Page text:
Marcus Lillington: Yeah, exactly.

Paul Boag: The technology in itself has no value. It's what the technology can provide that's the interesting bit. The product, anyway, is called EyeQuant. At the simplest level, this is … One of the reasons I love these guys, is because they've got a great way of taking something that uses machine learning, artificial intelligence, and neuroscience, and distilling their offering down into it's a spellchecker for the designers.

How do you take all of that really complicated stuff and reduce it to something that's that easy to grasp? We all use spell checkers. We all use tools like Grammarly and stuff like that. Now, we don't expect … Now, don't shake your head, Marcus. You use a spellchecker. Don't give me that. You don't use a spell checker?

Marcus Lillington: No. I turn it off. Drives me mad.

Paul Boag: Don't you have auto correct? You turn it off?

Marcus Lillington: Mm-hmm (affirmative).

Paul Boag: Bloody hell. I couldn't survive. I feel betrayed now.

Marcus Lillington: I have it on mobile devices, it's brilliant, because, obviously, you type things wrong all the time. But no, I turn it off and-

Paul Boag: Yeah. All right. I stand corrected.

Marcus Lillington: … Got a proper size keyboard because it tells me all the time that I need this when I don't need that.

Paul Boag: Okay. So, mere mortals tend to use spell checkers, but they're not always right, we don't always listen to them. We choose, sometimes, to make different decisions. That is exactly like EyeQuant. Basically what it's doing is it's using AI and an enormous data set of eye tracking and usability studies to predict where people will look at a design.

It's simulating an eye tracking study, which they're not unique in that. There are other people out there that do this. Go on, Marcus. Were you going to slag off something?

Marcus Lillington: There's something about … No, no, no. No, no. I just said there was something that did that years and years ago. I can't recall what they were called though.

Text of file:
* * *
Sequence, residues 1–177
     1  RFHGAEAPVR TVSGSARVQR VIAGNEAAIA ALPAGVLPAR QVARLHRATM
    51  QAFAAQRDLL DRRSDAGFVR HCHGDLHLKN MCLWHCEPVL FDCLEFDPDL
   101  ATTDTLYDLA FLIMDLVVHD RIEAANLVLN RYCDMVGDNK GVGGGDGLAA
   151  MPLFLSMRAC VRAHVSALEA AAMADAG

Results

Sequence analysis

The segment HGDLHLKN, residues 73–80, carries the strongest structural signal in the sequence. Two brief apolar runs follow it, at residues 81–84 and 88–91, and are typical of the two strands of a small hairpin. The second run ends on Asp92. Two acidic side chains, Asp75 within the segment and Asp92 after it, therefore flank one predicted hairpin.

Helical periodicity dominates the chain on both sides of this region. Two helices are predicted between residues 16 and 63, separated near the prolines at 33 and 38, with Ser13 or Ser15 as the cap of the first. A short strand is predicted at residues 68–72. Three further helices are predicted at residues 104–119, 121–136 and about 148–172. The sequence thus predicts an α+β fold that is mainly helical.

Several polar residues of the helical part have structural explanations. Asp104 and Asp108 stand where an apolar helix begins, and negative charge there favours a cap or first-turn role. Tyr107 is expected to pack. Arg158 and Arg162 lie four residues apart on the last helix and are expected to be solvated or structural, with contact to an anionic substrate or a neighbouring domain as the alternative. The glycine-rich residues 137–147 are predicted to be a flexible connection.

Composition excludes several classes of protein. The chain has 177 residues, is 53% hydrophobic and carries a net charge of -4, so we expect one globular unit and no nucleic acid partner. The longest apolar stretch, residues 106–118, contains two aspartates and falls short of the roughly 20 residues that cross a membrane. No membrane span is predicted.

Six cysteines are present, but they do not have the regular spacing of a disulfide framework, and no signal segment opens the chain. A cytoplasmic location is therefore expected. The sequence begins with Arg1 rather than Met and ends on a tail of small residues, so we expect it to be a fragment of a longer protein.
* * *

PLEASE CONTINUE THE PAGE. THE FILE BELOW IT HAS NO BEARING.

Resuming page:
Paul Boag: I'm not going to tell you the name because they're a competitor.

Marcus Lillington: Okay, fine.

Paul Boag: But, what I will say, because EyeQuant paid me money and these other guys didn't, so stuff them. But, I have to say, EyeQuant is better than the competitor, because they go a little bit further than these other competitors in the marketplace. Others will basically focus on clarity. Do people look at the right things? Are they seeing the right things?

Marcus Lillington: Yes, yes, yes.

Paul Boag: Well, EyeQuant will also provide a rating for visual clarities and exciting-ness, how engaging the content is. And they do this … This is a proper high end solution. The other one that we talked about years ago, there are even free ones out there that supposedly do this now. What I'm talking about here, this is a professional, high end, good solution. All right?

Marcus Lillington: When I used that, the one that I can't remember the name of, which is a good thing, I didn't believe it.

Paul Boag: No.

Marcus Lillington: I just dismissed it. To use something that is better designed would be interesting.

Paul Boag: Yeah. And, everything about these guys, it's an enterprise tool, if I'm honest, this one. It's using AI. It's using neuroscience. It's got incredible algorithm behind it. Even they only claim an 85% accuracy compared to doing a real usability study. They're not claiming that it's perfect. They're not claiming that it replaces usability testing. It's not claiming that it knows better than a designer.

It is a tool to help designers. It looks at things like layout, contrast, size, colors, faces, all those kinds of things in order to predict where people will look.